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C++ Primer, Fifth Edition by Barbara E. Moo, Josée Lajoie, Stanley B. Lippman

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Overriding Overloaded Functions

As with any other function, a member function (virtual or otherwise) can be overloaded. A derived class can override zero or more instances of the overloaded functions it inherits. If a derived class wants to make all the overloaded versions available through its type, then it must override all of them or none of them.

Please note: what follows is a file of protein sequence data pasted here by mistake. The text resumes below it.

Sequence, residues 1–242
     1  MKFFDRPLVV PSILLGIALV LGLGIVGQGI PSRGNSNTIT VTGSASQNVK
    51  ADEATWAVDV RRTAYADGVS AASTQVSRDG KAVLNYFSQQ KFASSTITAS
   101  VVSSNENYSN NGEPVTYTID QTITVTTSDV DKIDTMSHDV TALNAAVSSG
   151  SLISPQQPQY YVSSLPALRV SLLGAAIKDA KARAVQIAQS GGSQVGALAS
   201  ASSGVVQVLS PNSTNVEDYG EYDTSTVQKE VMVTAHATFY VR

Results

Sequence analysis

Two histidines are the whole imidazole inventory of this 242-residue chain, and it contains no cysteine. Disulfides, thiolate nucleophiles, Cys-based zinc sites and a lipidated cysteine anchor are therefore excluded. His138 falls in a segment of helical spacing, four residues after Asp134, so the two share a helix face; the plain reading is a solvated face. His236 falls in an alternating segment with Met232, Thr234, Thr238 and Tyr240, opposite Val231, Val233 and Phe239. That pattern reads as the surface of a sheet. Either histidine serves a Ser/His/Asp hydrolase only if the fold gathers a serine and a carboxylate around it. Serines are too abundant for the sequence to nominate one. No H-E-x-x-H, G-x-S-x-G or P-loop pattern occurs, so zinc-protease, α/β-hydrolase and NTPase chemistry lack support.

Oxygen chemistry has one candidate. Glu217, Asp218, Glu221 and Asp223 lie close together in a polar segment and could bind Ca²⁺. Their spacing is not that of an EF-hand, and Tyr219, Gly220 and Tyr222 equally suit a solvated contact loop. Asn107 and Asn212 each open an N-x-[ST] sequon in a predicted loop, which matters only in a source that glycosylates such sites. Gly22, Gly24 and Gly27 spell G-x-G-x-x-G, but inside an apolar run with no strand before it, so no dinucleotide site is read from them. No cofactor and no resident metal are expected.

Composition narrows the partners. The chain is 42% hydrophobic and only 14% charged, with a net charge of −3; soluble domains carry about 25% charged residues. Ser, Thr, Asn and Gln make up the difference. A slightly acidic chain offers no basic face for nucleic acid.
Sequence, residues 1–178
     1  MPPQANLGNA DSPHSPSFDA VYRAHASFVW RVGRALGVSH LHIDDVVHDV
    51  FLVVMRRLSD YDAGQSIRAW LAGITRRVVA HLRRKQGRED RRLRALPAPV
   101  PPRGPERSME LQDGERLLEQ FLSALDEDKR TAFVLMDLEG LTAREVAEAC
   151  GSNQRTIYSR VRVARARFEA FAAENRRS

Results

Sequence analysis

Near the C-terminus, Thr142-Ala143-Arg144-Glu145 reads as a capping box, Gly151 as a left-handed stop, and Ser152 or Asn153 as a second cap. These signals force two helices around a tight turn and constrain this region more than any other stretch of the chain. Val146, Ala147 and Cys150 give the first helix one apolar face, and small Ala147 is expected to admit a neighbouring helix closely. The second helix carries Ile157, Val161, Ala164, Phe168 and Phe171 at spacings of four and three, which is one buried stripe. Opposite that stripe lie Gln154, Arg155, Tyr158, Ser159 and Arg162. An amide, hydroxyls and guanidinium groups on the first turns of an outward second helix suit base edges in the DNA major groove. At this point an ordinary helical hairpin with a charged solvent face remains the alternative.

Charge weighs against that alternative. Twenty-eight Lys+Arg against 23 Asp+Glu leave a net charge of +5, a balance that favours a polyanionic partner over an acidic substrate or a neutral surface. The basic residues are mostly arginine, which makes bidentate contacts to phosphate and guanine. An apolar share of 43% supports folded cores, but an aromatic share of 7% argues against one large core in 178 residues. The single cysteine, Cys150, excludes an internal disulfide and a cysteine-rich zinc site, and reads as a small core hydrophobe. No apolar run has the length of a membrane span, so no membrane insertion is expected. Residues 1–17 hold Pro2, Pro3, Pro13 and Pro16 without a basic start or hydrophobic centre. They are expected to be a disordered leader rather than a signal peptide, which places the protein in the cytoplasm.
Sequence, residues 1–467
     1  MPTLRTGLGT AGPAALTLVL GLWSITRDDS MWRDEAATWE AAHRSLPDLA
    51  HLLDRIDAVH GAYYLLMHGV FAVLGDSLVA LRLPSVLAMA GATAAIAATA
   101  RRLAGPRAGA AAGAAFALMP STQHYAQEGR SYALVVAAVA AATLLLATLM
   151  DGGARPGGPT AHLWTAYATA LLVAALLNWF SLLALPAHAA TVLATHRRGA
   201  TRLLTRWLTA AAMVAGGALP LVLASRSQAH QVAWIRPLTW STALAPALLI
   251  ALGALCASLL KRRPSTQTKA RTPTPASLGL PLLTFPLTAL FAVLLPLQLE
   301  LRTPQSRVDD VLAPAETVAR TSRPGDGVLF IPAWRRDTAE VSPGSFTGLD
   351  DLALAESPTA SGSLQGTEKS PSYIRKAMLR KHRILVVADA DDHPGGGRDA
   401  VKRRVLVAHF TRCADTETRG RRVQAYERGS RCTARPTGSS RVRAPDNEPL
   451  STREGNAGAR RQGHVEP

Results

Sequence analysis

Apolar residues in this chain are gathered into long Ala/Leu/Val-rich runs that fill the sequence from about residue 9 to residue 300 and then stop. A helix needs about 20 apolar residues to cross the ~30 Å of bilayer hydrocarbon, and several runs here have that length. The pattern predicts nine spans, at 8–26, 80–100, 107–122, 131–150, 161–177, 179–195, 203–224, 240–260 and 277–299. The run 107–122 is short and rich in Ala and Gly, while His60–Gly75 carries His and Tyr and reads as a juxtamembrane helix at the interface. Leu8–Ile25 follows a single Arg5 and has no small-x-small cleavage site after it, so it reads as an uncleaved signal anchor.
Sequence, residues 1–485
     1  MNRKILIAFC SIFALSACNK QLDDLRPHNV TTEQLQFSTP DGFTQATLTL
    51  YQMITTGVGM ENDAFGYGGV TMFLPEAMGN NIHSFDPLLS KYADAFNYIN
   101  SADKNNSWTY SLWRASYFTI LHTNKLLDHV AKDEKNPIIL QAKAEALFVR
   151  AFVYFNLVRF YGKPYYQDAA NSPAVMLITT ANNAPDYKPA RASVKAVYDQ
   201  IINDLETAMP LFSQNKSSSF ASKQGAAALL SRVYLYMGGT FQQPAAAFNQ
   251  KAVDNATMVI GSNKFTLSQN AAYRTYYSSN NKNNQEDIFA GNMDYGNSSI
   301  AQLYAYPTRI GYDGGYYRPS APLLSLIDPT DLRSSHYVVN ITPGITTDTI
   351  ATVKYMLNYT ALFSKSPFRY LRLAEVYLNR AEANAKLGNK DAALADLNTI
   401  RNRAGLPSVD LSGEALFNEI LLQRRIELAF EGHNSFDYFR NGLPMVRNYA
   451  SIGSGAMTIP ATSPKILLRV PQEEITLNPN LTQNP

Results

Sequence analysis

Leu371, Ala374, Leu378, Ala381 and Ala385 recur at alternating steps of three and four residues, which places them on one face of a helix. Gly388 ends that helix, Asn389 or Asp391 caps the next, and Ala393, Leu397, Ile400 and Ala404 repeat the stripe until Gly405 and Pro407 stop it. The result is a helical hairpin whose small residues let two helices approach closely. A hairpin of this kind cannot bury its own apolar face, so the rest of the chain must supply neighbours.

Sometimes a class needs to override some, but not all, of the functions in an overloaded set. It would be tedious in such cases to have to override every base-class version in order to override the ones that the class needs to specialize.

Instead of overriding every base-class version that it inherits, a derived class can provide a using declaration (§15.5, p. 615) for the overloaded member. A

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